• See my prior blog post on using 1Password, Click here.
  • If you get an email notification from a website or financial institution, you should not click on the link in that email, as it could be fraudulent. It is better to go the website directly yourself and login to handle the matter. This way you will know that you are actually going to the website you intend to.
  • If you go to a website and you need to have them send you a new password, username or security question, be sure to then change that item again, after you have logged on. Then you should delete the email they sent to you, with the new information.
    • For example, if you forget your password to wsj.com and they email you a new one, you should logon to wsj.com, use the new password they just provided, then immediately change it to a completely different password that you have not previously used.
  • Do not ever respond to requests for money or wire transfers, even if sent from a good friend or someone you know, stating it is urgent or an emergency. If you get an email request from a friend for money, always call the person. Verify the authenticity of the request, but not via email or online. This account may have been hacked and the person you are replying to may be a hacker, even though you think it is someone you know.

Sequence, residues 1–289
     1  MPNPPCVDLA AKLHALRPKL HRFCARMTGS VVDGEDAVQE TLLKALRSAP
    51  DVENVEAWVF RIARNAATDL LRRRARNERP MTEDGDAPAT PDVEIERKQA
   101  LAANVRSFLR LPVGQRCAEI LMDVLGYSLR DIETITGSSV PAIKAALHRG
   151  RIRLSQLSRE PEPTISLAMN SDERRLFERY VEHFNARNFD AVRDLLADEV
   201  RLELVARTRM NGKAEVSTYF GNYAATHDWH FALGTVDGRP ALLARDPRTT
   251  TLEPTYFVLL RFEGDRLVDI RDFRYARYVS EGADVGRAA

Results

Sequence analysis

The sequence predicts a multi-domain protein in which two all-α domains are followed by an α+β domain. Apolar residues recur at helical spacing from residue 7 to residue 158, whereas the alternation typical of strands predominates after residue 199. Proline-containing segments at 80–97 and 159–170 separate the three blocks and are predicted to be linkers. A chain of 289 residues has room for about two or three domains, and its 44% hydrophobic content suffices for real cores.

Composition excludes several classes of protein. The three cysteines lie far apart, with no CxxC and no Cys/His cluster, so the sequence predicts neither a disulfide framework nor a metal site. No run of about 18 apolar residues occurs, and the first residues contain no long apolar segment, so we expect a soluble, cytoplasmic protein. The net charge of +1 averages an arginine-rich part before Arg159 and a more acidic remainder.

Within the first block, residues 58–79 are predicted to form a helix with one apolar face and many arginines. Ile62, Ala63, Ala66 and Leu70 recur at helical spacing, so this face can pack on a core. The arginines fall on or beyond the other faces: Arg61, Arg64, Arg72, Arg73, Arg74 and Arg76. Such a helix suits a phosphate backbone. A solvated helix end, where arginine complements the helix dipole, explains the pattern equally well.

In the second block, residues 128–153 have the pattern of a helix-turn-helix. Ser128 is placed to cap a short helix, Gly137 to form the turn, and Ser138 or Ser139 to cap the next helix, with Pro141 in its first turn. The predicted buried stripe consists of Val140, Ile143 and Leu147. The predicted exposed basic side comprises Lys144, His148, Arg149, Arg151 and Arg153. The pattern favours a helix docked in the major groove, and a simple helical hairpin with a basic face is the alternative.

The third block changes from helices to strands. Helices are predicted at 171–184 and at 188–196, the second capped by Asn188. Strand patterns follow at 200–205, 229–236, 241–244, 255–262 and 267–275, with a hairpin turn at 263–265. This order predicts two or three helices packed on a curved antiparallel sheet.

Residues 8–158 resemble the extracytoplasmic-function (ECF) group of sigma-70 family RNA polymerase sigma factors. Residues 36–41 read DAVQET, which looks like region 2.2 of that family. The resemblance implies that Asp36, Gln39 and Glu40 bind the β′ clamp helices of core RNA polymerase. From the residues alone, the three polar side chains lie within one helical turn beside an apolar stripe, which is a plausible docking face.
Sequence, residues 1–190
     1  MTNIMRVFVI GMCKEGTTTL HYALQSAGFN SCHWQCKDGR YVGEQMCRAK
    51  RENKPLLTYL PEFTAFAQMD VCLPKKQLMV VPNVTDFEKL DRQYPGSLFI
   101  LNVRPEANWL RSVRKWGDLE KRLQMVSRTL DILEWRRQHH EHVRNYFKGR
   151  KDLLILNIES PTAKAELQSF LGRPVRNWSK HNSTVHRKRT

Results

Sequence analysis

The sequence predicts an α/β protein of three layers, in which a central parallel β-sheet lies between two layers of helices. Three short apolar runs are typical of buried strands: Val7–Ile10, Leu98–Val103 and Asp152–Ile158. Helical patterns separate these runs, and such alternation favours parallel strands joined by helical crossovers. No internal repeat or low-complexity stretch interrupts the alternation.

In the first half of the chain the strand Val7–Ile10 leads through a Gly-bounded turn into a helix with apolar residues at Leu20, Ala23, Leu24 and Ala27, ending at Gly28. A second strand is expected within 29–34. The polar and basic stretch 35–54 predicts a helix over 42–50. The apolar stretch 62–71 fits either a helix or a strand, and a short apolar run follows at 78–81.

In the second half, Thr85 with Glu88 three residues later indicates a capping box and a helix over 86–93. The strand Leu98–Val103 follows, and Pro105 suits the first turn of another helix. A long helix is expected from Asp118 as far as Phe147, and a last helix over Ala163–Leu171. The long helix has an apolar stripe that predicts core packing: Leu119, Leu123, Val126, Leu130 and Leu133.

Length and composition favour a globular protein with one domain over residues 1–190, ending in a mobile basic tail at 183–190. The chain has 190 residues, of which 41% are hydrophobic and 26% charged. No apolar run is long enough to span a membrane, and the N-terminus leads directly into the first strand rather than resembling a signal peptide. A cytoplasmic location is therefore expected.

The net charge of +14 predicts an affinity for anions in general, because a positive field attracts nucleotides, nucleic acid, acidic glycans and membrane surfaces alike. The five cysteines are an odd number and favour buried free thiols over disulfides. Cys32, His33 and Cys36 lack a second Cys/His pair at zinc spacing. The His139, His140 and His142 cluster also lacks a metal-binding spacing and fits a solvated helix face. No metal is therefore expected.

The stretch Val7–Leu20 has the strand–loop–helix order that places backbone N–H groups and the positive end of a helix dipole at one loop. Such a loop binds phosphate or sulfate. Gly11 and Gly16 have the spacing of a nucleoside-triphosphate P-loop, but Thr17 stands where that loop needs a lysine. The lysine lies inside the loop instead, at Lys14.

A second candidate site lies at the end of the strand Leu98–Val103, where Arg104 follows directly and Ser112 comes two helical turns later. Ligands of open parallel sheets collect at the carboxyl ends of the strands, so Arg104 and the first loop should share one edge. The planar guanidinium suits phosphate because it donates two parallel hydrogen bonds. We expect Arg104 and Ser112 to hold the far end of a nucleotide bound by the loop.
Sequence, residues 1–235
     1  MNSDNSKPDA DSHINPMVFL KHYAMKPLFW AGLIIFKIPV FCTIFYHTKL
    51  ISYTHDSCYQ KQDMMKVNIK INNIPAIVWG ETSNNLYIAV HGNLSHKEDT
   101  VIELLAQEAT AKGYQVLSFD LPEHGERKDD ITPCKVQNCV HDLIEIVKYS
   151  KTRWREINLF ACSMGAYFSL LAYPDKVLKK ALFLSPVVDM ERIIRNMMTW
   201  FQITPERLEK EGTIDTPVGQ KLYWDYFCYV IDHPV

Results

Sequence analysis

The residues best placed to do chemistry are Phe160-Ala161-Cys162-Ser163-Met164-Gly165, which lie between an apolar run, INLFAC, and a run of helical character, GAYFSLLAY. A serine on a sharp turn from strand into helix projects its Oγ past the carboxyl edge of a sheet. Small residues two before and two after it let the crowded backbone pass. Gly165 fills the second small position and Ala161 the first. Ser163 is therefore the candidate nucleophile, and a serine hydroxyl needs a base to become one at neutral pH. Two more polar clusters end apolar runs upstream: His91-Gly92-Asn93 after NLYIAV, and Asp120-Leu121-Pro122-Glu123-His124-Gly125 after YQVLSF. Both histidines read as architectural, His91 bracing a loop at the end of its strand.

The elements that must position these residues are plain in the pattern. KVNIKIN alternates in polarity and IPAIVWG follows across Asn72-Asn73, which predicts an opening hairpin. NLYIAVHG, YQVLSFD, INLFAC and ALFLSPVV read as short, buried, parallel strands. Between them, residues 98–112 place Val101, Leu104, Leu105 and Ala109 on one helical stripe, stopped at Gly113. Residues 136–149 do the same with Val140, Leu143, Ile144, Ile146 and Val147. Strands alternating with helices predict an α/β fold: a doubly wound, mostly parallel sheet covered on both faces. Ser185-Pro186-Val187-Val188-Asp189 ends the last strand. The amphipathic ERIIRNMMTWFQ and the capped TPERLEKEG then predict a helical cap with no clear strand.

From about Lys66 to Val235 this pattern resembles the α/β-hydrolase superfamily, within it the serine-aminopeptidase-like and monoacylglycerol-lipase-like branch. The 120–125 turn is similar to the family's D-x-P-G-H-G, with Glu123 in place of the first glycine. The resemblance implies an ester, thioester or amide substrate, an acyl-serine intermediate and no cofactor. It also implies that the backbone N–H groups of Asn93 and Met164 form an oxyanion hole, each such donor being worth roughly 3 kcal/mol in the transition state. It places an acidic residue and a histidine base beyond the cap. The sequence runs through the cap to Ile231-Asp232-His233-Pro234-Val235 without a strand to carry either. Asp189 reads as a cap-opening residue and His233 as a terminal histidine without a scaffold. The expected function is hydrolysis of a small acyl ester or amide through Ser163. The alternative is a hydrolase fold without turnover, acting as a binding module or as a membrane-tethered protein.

• Do not email your social security number, your birthdate, or credit card numbers and security code.

I recently attended a conference that featured cyber security experts from Charles Schwab. One of the speakers was formerly with the FBI’s cyber security division. They explained that online hacking and obtaining your passwords, user names, etc. is a huge business. These hackers know that most people (73%) use the same passwords across nearly all the websites they log into.

Hackers may obtain your login information from something like espn.com (non-financial) or your e-mail account.  Once they have one piece of information, it may be useful to them to start to gathering other data and eventually accessing your bank, credit card or more personal websites. This is why I’m recommending all these steps above.